This report by journalist Elisabeth Weydt is based on a research about refugees working in the black market in Germany. This research was done with NDR Info radio station. Find the feature in German language here.
The photos, taken by Georges Senga, are works from an project called Transit that explores the reappropriation of space in a refugee camp in Zimbabwe. The project is still in progress. Georges plans to go back to the camp in 2017.
On the way to to our meeting point I had to get through pyro flares, water cannon trucks, and police in gear. It was the yearly spectacle of the first of May in the alternative quarters of Hamburg. Labor Day. Demonstration day. Revolution game. A friend had offered his doctor’s office as a hidden and quiet place to meet. Another friend had offered to translate. We had been out in a club the night before. Dancing into May. Now our tired western selves met four shy young men from Burkina Faso who wanted to tell us about their working reality in our country.
Let’s call them Amidou, Toni, Abdul, and Salif. They’ve been in Germany for one, two or four years. Salif, the youngest, 23, was wearing a thin mustache, twirled up at the sides. »We are waiting like hookers on the street, waiting for work,« he said. They giggled. »Like hookers!« It’s their word for what they do. Hookers. Maybe it is easier, when you can make fun of it.
Almost every day they are waiting in a street known for its black labor market in Hamburg. That is where we met them the first time. Many men from Africa are standing there, waiting for someone to pick them up for work. Then they bring them to construction sites, in kitchens, or to load shipping containers with furniture, washing machines, cars. »There are often fights,« Salif says. One day without work can mean a lot. Salif sold his father’s house to get to Europe. Every now and then he can send some money home, he says. But it is not enough, his family says.
The four of them met in a refugee camp in a small town in Sachsen-Anhalt, seven hours by bus from Hamburg. There they have a bed and there they are supposed to live. But they only travel to Sachsen-Anhalt once a month to get their asylum money. »It’s so frustrating there,« Amidou says. »All we can do is sleep and eat all day long. Sleeping and eating. That drives you crazy. There is nothing, least of all work.« So they rather sleep on mattresses in Hamburg for 150 Euros per month and work on the black market — illegally.
»This is better than being in a town in Sachsen-Anhalt? This is better than being in Burkina?«
But this work is no good, they say. The bosses know that they have no working visa. »Sometimes we don’t even get a break. Twelve hours in a row we are loading containers for little money. Bosses are insulting us and when we are slow we even get less money,« Toni says. And this is better than being in a town in Sachsen-Anhalt? This is better than being in Burkina? I have to ask twice because I don’t understand. The answer is always yes. »At least there is hope to finally find a proper and legal job.« In Germany there is the possibility to work as a refugee but you have to fulfill certain conditions and the process is complicated and long. They changed the law recently, it shall get easier now. But still you have to find someone that gives you work in the first place. Not so easy as a refugee that doesn’t know the language and has no qualification that fits the German system.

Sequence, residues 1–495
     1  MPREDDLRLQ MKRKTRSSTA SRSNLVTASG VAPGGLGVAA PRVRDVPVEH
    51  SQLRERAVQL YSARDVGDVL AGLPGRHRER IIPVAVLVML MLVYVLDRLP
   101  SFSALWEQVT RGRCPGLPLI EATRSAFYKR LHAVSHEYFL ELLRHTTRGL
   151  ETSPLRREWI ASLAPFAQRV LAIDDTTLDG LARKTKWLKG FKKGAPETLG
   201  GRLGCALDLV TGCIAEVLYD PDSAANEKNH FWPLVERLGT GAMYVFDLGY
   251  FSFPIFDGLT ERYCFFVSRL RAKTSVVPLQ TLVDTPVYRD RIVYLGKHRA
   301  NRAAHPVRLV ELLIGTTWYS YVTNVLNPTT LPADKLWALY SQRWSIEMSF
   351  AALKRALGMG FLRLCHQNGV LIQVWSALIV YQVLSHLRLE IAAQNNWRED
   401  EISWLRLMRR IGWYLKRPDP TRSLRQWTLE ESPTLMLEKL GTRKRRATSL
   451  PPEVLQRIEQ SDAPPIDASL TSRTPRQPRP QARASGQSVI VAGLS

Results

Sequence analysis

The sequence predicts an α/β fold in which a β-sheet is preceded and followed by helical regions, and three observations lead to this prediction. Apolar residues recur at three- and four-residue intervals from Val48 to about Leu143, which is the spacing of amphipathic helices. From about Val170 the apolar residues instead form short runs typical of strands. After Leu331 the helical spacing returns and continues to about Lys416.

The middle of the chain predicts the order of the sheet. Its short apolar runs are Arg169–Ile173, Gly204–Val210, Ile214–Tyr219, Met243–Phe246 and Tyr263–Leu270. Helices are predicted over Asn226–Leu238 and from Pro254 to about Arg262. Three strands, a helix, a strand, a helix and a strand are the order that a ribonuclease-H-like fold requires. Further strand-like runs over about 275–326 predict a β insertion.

They all thought it would be easier in Europe. »In Burkina, TV shows pictures how beautiful and rich Europe is, how beautiful Germany is,« Salif says. »When I tell my parents how I really live here they do not believe me or they say I am not working hard enough.« They’d rather trust TV then their son. But he is not angry with them. Salif would never go back without money. He would be ashamed and lose face, he says. The chances to get asylum in Germany are very very low when you are from Burkina Faso because there is hardly any political persecution. They all know that, but Salif would rather live an illegal life without papers than go back and look into his father’s eyes.
»›In Burkina, TV shows pictures how beautiful and rich Europe is, how beautiful Germany is,‹ Salif says. ›When I tell my parents how I really live here they do not believe me or they say I am not working hard enough.‹ They’d rather trust TV then their son.«
Months later I meet the photographer Georges Senga at Schloss Solitude. I like his work and I like talking to him about things. He is from Lubumbashi, Congo. I tell him about the guys from Burkina. Georges says he doesn’t like it when people say they cannot live in Africa. »I can live in Africa!« Two years ago he started a project called Transit. He visited a refugee camp in Zimbabwe: Tongogara Camp. Many Congolese people are living there. The UN set up some camps during the war in Congo (1998 – 2001). Mostly for people from Rwanda but also Congolese people came. Countries like Australia, the US or Canada offered to take refugees. So people gathered in those camps. The war is over now but there are still people in those camps and there is still hope to get to the developed world one day. Georges wanted to see how people were living there, how they changed their environment in the camps. He wanted to find out what happens when so much time passes but you still do not have something to call a home or a life. How is it to be caught in transit? Similar to the situation of the guys from Burkina in Germany. Georges was doing a research on the reappropriation of space. Most fascinating he found the way people organized themselves. The districts of the camp were called America, Australia or Canada. »I found the cousin of my mum living in America. She told me, if you want to go to the US just stay here with me and wait.« He refused, he can travel the world with his work.